Child Support

Each parent is responsible to pay a share of the child's support. Paying for the child's needs must be the first priority of the parents. Children need money for food, shelter, education, health issues, after-school activities, and the enjoyment of life. Virginia emphasizes the income and assets of each parent over the expenses of the parents because they Virginia courts don't want to delve too much into how each parent spends the money. The first key in support cases is to determine how much income and assets each parent has. The second key is to then decide how much of that income each parent should use for their children.

Our Northern Virginia family law office will work to show that the other parent discloses all of his/her income and assets and is held accountable for trying to hide assets. If there are complications such as the reluctance of the other parent to show his/her true income our firm will bring them to the attention of the court. The firm will work hard to make sure the support award is just and that it is paid on time. Child support orders bind the parent who has to pay throughout Fairfax, Fairfax County and the state of Virginia There are also uniform support laws that the other states and Washington, DC usually honor.

Child support can be ordered temporarily in divorce cases so funds are paid while the divorce issues are being addressed. It should be ordered for any minor children until the time they become adults. If paternity is an issue, our firm will work to make sure a legitimate determination is made.

How Support is Calculated

Child support is often routine and determined by state guidelines. When it's hard to determine real income or that are special needs, our firm knows how to determine the correct income and how to make sure the court order addresses unique situations.

When both parents are salaried. Child support based on just W-2s for salaried employees is done by a state formula depending on the number of children involved. The income of each parent, the number of children who need support and who has physical custody are the factors put into formula. The result is a number that represents how much money one parent will get from the other each regular period, normally each month.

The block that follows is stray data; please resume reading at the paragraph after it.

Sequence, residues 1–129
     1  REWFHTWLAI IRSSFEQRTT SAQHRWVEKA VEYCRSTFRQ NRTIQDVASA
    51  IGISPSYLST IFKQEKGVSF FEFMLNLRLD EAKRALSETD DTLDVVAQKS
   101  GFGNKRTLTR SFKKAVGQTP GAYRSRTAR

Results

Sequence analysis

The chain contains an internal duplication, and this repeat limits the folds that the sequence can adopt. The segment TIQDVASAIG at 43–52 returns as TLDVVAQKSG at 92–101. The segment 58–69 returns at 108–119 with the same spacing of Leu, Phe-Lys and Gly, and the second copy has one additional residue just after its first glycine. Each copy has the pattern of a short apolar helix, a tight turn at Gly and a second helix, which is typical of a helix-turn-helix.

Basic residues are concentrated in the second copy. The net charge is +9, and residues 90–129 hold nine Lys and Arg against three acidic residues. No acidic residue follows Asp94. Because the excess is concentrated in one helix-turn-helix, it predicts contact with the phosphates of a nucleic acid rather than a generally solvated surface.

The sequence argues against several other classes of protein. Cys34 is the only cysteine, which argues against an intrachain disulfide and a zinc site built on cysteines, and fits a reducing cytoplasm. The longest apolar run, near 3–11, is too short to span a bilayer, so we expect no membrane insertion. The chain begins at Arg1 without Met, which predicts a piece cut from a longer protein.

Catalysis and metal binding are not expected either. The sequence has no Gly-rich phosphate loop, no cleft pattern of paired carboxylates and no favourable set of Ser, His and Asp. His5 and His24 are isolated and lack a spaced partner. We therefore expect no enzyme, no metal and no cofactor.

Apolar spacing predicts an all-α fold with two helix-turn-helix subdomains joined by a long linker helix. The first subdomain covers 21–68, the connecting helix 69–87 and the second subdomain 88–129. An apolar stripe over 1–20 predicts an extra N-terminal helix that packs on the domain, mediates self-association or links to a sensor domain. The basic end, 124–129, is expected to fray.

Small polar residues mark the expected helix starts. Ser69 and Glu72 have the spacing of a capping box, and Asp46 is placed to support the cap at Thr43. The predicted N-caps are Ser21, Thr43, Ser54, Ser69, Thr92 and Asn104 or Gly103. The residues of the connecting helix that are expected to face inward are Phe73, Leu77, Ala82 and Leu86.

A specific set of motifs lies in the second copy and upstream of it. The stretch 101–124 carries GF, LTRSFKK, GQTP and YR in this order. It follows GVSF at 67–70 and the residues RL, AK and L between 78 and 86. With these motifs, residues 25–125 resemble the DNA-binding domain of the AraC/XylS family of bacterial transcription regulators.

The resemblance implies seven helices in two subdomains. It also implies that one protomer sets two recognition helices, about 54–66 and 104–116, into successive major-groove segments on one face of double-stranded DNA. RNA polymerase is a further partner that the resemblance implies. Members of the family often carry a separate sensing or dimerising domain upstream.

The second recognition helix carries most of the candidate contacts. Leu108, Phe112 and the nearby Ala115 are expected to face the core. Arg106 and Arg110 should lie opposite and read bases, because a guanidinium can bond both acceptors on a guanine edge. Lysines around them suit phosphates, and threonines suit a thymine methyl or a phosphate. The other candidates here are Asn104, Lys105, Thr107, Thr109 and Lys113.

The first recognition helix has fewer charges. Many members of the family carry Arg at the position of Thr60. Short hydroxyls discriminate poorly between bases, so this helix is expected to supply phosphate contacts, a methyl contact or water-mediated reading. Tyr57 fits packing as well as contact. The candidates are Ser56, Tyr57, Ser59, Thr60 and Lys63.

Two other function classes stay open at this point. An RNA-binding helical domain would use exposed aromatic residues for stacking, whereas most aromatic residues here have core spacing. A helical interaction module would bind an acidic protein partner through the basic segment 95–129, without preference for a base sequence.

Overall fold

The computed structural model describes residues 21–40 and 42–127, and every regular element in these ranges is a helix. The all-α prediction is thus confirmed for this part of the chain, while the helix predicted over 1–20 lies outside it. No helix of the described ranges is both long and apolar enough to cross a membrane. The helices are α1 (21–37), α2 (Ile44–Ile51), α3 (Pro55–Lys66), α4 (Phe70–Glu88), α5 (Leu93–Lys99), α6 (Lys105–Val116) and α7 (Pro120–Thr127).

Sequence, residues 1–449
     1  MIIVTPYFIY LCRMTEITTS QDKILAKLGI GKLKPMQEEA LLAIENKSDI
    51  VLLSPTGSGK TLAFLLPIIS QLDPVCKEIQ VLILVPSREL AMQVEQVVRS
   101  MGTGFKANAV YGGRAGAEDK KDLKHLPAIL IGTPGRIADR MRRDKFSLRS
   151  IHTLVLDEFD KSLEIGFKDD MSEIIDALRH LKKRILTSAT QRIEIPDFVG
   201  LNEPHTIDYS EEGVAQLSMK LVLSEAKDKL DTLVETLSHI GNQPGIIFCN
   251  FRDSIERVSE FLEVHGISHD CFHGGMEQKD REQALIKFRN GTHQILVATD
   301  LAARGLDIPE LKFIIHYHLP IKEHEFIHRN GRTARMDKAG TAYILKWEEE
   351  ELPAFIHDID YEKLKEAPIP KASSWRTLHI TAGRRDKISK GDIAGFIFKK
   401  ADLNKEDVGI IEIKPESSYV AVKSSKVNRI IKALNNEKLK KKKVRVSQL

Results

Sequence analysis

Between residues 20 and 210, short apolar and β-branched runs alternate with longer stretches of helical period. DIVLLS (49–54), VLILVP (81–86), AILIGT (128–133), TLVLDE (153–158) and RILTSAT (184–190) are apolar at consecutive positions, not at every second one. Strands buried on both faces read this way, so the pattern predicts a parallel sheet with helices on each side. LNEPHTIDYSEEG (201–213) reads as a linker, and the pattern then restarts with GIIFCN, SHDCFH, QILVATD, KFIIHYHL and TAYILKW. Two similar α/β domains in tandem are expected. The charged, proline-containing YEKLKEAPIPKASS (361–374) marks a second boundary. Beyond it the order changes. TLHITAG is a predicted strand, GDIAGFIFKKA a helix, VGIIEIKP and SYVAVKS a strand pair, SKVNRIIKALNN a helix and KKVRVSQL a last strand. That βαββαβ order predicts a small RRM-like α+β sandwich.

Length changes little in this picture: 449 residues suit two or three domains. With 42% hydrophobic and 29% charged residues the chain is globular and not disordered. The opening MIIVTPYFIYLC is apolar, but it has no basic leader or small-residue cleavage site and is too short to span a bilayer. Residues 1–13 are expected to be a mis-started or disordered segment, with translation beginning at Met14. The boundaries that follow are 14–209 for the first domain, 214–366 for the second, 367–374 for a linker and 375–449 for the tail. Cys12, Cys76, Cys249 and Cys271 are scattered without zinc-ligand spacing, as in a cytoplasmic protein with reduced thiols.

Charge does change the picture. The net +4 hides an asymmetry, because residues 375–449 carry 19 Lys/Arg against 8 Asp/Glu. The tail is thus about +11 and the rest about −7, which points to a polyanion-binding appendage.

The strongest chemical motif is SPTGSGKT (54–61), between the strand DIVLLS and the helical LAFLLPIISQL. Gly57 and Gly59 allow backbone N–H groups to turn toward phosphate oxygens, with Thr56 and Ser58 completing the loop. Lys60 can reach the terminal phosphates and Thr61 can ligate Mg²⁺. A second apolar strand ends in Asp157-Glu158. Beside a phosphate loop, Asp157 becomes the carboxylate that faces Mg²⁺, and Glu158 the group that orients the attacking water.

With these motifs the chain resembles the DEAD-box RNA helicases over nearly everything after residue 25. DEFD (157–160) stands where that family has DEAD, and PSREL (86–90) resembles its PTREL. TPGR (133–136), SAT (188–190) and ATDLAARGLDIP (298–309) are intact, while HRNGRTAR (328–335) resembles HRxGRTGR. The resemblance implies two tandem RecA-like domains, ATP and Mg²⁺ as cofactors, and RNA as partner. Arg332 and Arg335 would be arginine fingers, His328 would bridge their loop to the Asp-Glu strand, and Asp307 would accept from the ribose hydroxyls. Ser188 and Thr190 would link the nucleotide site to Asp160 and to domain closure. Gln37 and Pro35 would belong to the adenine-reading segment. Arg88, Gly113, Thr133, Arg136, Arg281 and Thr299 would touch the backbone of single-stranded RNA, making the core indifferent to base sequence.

Complicating issues: When one or both parents is self-employed or has independent income, then determining the exact amount of income becomes harder. Some spouses try to hide what they earn. Income from businesses often varies from week to week. Our firm will work to make sure all the income is disclosed by reviewing tax returns, income and expense statements and hiring experts, when necessary, to help determine the true value of assets and the true income. The net result will still be a specific sum of money that one parent will pay the other on a regular basis for the children.

Special Needs: If your child has special medical needs or works best in a private school, then the formula may not apply or will need adjustments. Each special needs case is handled on a case by case basis. Our firm will explain the needs, determine the costs to address those needs and work to make sure a fair support order is made. In addition to regular monthly payments, the order may include provision for specific payments such as paying tuition or paying for dental work when the bill becomes due.

Additional Child Support Issues

There are times when support orders need to be adjusted. In the best situation, the other parent is being very cooperative such as earning more money that can be used for the child or spending lots of quality time with the child. In the worst situations, the other parent is not fulfilling his/her obligations to the child.

  • Parenting Time/Visitation Time Can Affect the Amount of Child Support

Virginia family law allows a parent who has 90 days or more of parenting time to get a lower support order because they are taking care of the child during that time. Determining exactly when the 90 threshold is met can be challenging. Our firm will work to make sure the right time is allocated.

  • Changes in Child Support Orders

The most common life changes which can alter an existing award are when one parent's income changes substantially or when one child reaches the age of majority. Changes in the child custody or visitation order may also justify a change in the child support order. A parent can request a change in the amount of child support but that parent has the burden of showing that there is a substantial change.

  • Failure to Obey Orders

If a parent fails to pay the amount required in an award, our firm will work to file the necessary papers to hold the non-paying parent in contempt and compel payment even if it requires requesting that the non-paying parent be placed in jail.

Call the Law Office of Afsana Chowdhury for Your Child Support Matter

Once a child support order is entered, it can be very difficult to change it. This is why the Law Office of Afsana Chowdhury fights to make sure the initial support order is prepared professionally and accurately. Please call us for help to get the full support you need for your child/children. We can be reached at 703-271-6519. Our firm has a policy of a free phone consultation. You can also make an appointment.